Call Peter: 250.361.7516

North and South Pender Islands

Pender Islands Overview

Pender Island is one of the Southern Gulf Islands located in the Strait of Georgia, British Columbia, Canada. Pender Island is approximately 34 km2 (13.1 sq mi) in area and is home to about 2,500 permanent residents, as well as a large seasonal population. As part of the Southern Gulf Islands, Pender Island enjoys a sub-Mediterranean climate and features open farmland, rolling forested hills, several lakes and small mountains, as well as many coves and beaches.


Pender Island consists of two islands, North Pender and South Pender, which are separated by a narrow canal originally dredged in 1903. In 1955 the islands were connected by a one lane bridge, as it remains today. Most of the population and services reside on North Pender Island, with the highest concentration surrounding Magic Lake.


Pender Island can be accessed by regular ferry service provided by BC Ferries from Swartz Bay (near Victoria), Tsawwassen (near Vancouver), and other southern Gulf Islands. There are also scheduled seaplane and water taxi services. Pender Island also has one public grass landing strip and a helicopter pad (Pender International) located near the main shopping mall, the Driftwood Centre. Select helicopters also can land at the local R.C.M.P. Station. Bedwell Harbour is an official Canada Customs port of entry for sailors from the United States; Port Browning and Otter Bay also offer anchorages.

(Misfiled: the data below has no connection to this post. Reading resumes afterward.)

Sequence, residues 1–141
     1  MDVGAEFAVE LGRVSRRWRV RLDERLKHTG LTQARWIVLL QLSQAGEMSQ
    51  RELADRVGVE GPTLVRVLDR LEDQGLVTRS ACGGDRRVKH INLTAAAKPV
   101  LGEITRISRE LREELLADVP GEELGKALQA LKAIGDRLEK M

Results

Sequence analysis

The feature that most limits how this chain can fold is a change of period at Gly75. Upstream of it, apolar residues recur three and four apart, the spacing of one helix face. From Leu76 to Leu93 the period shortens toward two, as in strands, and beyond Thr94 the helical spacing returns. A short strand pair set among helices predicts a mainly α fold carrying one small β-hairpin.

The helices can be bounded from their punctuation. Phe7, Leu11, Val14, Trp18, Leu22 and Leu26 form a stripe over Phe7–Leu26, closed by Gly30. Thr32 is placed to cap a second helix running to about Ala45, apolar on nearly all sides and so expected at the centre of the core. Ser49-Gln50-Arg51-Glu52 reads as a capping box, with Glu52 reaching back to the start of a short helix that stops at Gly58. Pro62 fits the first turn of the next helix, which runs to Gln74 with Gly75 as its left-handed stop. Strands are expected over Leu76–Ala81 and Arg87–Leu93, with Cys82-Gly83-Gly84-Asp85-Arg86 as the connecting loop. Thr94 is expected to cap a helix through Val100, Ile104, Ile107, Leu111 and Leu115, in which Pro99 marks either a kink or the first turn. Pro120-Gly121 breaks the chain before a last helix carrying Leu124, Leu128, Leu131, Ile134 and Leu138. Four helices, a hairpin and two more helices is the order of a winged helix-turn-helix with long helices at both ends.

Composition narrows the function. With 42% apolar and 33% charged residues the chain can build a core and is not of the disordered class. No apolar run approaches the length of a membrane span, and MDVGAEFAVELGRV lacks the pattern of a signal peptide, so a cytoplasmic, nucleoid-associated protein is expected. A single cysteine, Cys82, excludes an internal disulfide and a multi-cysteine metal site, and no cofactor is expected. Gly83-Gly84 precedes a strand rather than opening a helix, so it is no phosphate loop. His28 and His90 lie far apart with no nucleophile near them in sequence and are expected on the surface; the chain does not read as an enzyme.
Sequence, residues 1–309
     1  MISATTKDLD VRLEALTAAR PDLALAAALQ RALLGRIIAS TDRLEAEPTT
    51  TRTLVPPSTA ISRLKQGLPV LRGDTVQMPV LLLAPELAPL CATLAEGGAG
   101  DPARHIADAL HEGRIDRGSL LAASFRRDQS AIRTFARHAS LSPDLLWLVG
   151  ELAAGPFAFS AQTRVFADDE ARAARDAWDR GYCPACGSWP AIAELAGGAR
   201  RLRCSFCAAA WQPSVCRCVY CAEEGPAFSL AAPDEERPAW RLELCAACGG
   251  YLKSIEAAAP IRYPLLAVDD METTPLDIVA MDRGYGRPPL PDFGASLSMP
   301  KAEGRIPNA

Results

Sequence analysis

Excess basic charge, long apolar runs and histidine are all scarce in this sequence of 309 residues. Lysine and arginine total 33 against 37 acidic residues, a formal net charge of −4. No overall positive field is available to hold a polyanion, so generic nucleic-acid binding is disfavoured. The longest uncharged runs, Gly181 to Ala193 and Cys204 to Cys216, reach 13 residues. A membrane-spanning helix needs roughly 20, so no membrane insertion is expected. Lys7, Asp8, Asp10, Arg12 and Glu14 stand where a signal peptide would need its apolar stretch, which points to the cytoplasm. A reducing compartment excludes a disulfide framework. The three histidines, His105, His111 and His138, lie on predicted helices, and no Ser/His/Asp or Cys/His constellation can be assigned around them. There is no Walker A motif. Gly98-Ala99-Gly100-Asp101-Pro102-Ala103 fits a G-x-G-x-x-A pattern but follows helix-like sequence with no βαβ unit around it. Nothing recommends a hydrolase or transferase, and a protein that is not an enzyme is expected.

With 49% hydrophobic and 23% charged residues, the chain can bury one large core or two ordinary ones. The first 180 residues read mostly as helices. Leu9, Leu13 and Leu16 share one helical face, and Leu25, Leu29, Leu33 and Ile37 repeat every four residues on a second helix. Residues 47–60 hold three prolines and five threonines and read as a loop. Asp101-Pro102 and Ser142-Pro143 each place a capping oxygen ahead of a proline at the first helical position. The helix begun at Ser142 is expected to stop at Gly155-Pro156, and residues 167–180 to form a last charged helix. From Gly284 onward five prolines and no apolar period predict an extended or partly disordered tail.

Pender Island is a popular destination for fishing, boating, scuba diving and other outdoor pursuits. The island also boasts a 9-hole golf course. In 1937 several Pender residents put up money to purchase a 60 acre (24.3 ha) parcel, on which to develop the course, from George Grimmer, a son of Pender pioneer Washington Grimmer. These first individuals and many others took out memberships as well as planned and developed the layout of the golf course.

There are numerous art galleries, shops, restaurants and local events to frequent on the North and South Islands. Summer is generally a busy time, while the island pace slows down considerably during the winter months. Spring and fall are pleasant times of the year, with fewer tourists and mild weather

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